BOLD, utilizes two-dimensional codes to link the viewer to the science behind the art. By scanning one of my sculptures, for example a butterfly collected in Dr. Janzen's ACG Costa Rica project, or a fish from Dr. Meyer's BioCode Moorea, and now in Smithsonian Institute's collections, the viewer is transported to a story about the tropical forest or coral reef ecosystem as told by scientists passionate for their work.
All of the specimens portrayed in this series are deliberately blurry, thus making it difficult to identify if each organism is real or a counterfeit. Yet, adorning each BOLD sculpture is the DNA barcode of the specimen that I've represented. The barcode is the reality, and the specimen, in my creative manifestation, is the link to the science.
With this series of artwork, BOLD, an acronym for the Barcode of Life Database, I bring each specimen and its viewer to the BOLD database: the same database which houses portions of the Smithsonian's digitized genetic collections.
I am an artist, not a scientist, and my knowledge of DNA barcoding is simple. If I say to you, "O Romeo, Romeo! wherefore art thou Romeo?" Likely, you identify the line with Shakespeare's play Romeo and Juliet. Or you may bypass the play's title all together and jump straight to its author, William Shakespeare. Regardless of where you end up, with just seven words from a work containing many thousand, you are accurately directed to the one and only place from whence the lines emanated.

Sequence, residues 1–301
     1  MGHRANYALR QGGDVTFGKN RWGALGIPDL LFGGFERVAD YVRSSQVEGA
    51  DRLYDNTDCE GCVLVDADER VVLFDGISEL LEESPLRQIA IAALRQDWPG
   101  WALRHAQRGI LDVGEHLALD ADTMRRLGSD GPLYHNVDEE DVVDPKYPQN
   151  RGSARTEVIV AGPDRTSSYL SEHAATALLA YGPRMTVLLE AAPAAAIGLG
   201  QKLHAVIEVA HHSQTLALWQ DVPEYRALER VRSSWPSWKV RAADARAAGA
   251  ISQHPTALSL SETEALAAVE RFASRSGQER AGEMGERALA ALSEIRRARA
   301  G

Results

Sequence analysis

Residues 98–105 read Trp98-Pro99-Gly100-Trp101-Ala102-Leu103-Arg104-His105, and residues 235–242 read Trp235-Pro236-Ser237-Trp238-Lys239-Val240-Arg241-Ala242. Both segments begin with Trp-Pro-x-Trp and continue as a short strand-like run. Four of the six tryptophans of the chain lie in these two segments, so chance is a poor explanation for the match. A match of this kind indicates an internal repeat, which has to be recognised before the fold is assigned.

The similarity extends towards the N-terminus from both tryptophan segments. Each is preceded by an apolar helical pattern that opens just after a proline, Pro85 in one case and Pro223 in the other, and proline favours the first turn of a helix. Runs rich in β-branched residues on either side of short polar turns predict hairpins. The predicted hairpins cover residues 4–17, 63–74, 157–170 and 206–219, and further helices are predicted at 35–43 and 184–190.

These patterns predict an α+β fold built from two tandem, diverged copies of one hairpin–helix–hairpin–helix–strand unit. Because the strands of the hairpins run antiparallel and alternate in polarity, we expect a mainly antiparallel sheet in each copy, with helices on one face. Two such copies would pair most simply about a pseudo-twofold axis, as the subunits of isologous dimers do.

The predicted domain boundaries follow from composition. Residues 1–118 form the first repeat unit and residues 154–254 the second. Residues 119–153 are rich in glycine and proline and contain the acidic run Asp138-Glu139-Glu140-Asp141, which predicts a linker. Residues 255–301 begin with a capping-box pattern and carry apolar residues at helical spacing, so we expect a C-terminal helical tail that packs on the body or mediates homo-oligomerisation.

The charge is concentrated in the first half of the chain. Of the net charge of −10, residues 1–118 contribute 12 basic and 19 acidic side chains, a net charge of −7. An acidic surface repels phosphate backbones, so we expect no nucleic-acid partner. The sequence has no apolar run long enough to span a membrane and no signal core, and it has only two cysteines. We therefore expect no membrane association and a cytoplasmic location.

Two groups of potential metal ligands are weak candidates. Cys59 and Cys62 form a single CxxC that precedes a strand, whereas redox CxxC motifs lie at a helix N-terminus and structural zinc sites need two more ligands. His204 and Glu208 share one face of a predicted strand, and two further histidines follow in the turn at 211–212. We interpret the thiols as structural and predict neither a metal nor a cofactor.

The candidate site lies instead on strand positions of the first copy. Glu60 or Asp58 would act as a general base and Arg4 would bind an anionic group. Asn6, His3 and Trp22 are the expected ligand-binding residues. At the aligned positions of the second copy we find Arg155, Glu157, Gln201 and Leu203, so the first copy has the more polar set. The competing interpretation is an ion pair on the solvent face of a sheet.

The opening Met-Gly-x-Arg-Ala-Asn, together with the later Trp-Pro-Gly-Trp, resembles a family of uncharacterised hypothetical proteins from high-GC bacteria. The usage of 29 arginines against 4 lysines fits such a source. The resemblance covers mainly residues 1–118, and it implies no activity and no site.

As I understand DNA barcoding, a short 680 base-pair sequence, represented by letters A C T G, allows one to discern the organism which it inhabits. Barcode technology thus transforms how science determines what species are present in a specific ecosystem, and how, collectively, they surround us on Earth.
The seven words from Shakespeare are analogous to approximately 680 DNA base-pairs buried among millions in the genome; the single play's title, analogous to the one species among millions more we know (or don't). Through a short genetic sequence, life's barcode, we can now accurately digitally distinguish organisms without going through the long and sometimes inaccurate process of visually comparing similar traits in an attempting to know--name--our specimen.
Also encoded in these base-pairs are the shared and unique histories that may trace a specific organism through its evolutionary lineage. Those base pairs in common between organisms suggest a shared past, with differences in sequences pointing to unique and divergent histories.
These identities and histories--exploring the intersecting and overlapping genetic barcodes from various regions of our planet--drive my interest and my art. Developing an understanding of the commonalities among these vastly different environments, I tell stories through my work that will inform and educate my audience to the marvels of science and the natural world. I aim to inspire my viewers--you--to draw these comparisons, and realize the ways even our own backyards are connected to this global web of life.